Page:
Topic Overview

If you drink alcohol, drink in moderation. But if you do not drink alcohol, do not start drinking to try to lower your risk of heart disease. You have many other options that can lower your risk. These options include a healthy diet, exercise, and not smoking. Talk to your doctor about your heart and the benefits and risks of drinking alcohol.

Equivalents of 1 alcohol drink

Beer

341 mL (12 fl oz)

Wine

142 mL (5 fl oz)

Hard alcohol

43 mL (1.5 fl oz)

Drinking too much alcohol can be dangerous and can cause problems. Having more than 2 alcohol drinks a day for women or more than 3 drinks a day for men may:

    • Contribute to high blood pressure, which is a risk factor for coronary artery disease.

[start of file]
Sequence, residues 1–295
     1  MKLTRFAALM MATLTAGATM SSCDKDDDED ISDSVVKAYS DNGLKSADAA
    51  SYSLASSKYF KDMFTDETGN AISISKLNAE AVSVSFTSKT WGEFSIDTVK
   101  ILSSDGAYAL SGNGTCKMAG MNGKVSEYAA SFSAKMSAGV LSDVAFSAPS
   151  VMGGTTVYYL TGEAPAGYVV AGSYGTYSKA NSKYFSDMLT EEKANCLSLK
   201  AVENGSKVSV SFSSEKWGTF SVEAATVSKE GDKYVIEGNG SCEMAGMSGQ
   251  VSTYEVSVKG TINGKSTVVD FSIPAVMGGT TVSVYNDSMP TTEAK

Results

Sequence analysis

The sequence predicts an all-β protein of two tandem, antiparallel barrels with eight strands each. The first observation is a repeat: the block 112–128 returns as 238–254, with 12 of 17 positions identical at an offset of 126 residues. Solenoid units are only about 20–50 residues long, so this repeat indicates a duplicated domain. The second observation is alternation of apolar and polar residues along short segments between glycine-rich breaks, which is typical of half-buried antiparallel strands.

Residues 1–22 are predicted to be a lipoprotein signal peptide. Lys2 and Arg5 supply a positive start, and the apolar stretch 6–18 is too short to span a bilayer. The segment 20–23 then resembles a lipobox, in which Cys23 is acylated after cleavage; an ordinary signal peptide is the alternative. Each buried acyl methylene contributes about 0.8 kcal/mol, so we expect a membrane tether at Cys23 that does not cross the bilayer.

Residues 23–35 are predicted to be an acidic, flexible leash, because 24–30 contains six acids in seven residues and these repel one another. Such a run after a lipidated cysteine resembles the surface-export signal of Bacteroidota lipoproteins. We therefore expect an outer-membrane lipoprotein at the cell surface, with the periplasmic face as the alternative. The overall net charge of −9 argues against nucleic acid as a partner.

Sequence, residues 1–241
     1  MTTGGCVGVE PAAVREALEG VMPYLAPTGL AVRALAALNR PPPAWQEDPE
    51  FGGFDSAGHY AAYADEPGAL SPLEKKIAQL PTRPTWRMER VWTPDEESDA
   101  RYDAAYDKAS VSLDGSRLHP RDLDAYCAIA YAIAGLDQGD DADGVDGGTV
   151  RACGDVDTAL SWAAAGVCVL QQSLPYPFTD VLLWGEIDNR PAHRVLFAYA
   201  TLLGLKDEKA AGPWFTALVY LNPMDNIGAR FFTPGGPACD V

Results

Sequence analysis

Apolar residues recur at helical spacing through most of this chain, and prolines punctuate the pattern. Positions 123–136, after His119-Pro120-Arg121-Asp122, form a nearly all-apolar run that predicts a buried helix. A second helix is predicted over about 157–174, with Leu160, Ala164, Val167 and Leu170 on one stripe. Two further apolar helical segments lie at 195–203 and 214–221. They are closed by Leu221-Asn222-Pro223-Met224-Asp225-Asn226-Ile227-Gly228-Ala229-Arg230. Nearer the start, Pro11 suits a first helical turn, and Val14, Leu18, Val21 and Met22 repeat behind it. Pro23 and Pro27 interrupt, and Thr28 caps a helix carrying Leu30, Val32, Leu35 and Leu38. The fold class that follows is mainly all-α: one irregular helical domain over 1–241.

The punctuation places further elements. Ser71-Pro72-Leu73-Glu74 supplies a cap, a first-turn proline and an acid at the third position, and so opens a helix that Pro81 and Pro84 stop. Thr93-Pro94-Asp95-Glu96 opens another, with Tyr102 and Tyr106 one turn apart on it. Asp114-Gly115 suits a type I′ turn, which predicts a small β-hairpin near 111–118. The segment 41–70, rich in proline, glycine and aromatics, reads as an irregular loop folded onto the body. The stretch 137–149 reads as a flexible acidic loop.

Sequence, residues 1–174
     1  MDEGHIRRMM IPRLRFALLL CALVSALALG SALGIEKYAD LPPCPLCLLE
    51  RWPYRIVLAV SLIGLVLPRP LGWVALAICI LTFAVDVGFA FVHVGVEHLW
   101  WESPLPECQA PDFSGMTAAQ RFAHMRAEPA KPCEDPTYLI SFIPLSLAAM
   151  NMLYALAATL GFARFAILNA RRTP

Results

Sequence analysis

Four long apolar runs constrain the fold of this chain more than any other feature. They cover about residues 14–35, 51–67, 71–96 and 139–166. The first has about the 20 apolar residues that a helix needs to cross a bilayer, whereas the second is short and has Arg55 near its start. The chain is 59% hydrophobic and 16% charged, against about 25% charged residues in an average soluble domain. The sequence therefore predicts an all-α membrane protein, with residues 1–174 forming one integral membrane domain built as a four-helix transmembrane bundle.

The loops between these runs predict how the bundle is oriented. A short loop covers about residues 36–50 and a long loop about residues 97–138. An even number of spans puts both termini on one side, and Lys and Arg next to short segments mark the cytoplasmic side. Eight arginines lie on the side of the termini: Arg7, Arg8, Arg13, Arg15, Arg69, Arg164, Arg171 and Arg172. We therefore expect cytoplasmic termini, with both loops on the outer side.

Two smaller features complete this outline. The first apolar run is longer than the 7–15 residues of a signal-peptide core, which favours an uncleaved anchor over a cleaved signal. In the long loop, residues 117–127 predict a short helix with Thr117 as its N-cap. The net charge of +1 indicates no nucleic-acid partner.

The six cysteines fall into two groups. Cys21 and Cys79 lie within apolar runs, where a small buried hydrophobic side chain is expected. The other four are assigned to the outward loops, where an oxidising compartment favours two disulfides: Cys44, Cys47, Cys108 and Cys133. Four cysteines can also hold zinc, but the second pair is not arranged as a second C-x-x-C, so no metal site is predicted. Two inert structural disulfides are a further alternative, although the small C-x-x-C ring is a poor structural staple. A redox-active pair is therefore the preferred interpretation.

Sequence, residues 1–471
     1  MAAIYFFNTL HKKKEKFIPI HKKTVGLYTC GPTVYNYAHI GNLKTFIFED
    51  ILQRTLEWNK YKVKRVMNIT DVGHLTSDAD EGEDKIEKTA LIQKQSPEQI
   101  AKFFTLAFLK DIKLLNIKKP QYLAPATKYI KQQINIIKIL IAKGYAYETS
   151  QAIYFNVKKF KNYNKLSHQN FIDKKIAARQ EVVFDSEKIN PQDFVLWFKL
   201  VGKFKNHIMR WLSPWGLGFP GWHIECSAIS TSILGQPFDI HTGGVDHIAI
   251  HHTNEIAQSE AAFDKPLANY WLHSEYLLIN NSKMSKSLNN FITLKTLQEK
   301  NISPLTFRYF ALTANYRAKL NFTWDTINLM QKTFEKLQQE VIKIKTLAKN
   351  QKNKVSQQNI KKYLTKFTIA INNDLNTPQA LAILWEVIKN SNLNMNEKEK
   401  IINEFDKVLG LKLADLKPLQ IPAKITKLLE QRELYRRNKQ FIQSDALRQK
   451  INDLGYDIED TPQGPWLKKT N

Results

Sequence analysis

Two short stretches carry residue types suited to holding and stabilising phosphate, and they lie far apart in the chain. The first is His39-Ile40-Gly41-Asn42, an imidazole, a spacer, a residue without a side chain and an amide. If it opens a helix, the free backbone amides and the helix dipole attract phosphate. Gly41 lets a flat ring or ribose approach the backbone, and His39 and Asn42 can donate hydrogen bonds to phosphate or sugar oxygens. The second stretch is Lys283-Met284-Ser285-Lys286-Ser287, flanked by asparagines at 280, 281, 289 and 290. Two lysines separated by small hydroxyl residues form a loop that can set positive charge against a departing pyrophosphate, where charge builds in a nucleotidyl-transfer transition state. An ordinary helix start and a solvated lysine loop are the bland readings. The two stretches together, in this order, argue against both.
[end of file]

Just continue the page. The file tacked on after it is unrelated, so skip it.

• Increase your risk of stroke.
    • Directly damage heart muscle (alcoholic cardiomyopathy), which may weaken the heart, leading to heart failure.
    • Cause abnormal heart rhythms (arrhythmias).
    • Increase your risk of some cancers.
    • Interact with your medicines if you are being treated for heart disease (or other diseases or conditions).
    • Increase your risk of liver disease.

Related Information

References

Other Works Consulted

  • Brien SE, et al. (2011). Effect of alcohol consumption on biological markers associated with risk of coronary heart disease: Systematic review and meta-analysis of interventional studies. BMJ. Published online Feb 22, 2011 (doi: 10.1136/bmj.d636).

Credits

Adaptation Date: 12/3/2017

Adapted By: HealthLink BC

Adaptation Reviewed By: HealthLink BC

Adaptation Date: 12/3/2017

Adapted By: HealthLink BC

Adaptation Reviewed By: HealthLink BC